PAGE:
Laws relating to De Facto Relationship couples were changed on 1 March 2009 so that de facto relationship couples separating after 1 March 2009 are now dealt with under Commonwealth Legislation (the Family Law Act) and matters are now being heard by the Federal Courts (the Family Court of Australia and the Federal Magistrates Court of Australia).
This good news for couples in De Facto Relationships is that their matters will now be dealt with in a similar manner to those of married couples.
What is a De Facto Relationship?
The Court will review a number of criteria to determine whether a de facto relationship exists including:
- The duration of the relationship
- Whether a sexual relationship exists
- The reputation and public assets of the relationship, for example, if the parties go out together as a couple etc.
How long do I have to live with someone before the De Facto laws apply?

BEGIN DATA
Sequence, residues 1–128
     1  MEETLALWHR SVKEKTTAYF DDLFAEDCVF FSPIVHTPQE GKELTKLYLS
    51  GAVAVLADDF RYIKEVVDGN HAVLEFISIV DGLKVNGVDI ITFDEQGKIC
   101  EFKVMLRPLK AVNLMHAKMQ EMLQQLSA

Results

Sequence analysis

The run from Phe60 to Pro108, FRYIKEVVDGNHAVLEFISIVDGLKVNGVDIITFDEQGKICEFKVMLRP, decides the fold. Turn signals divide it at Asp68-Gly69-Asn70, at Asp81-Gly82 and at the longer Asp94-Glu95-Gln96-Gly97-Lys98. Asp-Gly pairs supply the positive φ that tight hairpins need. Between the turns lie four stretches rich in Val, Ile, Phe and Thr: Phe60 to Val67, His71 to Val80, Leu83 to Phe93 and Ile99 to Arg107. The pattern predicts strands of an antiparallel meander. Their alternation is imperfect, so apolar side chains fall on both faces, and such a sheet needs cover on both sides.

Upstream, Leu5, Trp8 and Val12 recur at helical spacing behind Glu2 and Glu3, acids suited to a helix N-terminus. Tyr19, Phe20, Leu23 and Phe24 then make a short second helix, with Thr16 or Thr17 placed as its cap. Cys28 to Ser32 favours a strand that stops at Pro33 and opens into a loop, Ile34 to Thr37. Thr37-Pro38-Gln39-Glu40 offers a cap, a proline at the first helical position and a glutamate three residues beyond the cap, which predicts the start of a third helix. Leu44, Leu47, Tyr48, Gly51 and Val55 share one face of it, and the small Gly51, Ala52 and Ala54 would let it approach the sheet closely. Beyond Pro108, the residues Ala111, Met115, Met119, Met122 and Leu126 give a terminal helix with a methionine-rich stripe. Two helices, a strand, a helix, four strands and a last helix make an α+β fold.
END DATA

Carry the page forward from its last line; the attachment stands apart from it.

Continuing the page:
The Court can only make Orders in relation to property proceedings in respect to a de facto couple where:-
- The period or the total of the periods of the de facto relationship is at least two (2) years. Even if you have been living with someone and there have been periods of separation, so long as the total period adds up to two (2) years then the laws will apply; OR
- There is a child of the de facto relationship; OR
- The party substantially contributed to any property and a failure to make an order would cause a serious injustice – therefore, if a party has made a substantial financial contribution or otherwise to some of the property of the other party then the laws may apply.
What can the Court do in regards to the assets of the de facto relationship couple?
After the breakdown of a de facto relationship, the court may make such order as it considers appropriate.
This is a wide term but it includes:
- Altering the party’s interest in property e.g. if property is registered only in one party’s name the court can make an order that the property be transferred to the other or be sold etc to ensure the other party receives their share in that property;
- Spousal Maintenance;
- Splitting of Superannuation interest.
An application can only be brought in a de facto matter with respect to issues involving property if the application is made within two (2) years after the end of the de facto relationship. After this time, you must seek the Court’s consent to bring the application. That consent may be given if the court is satisfied hardship will be caused to the party.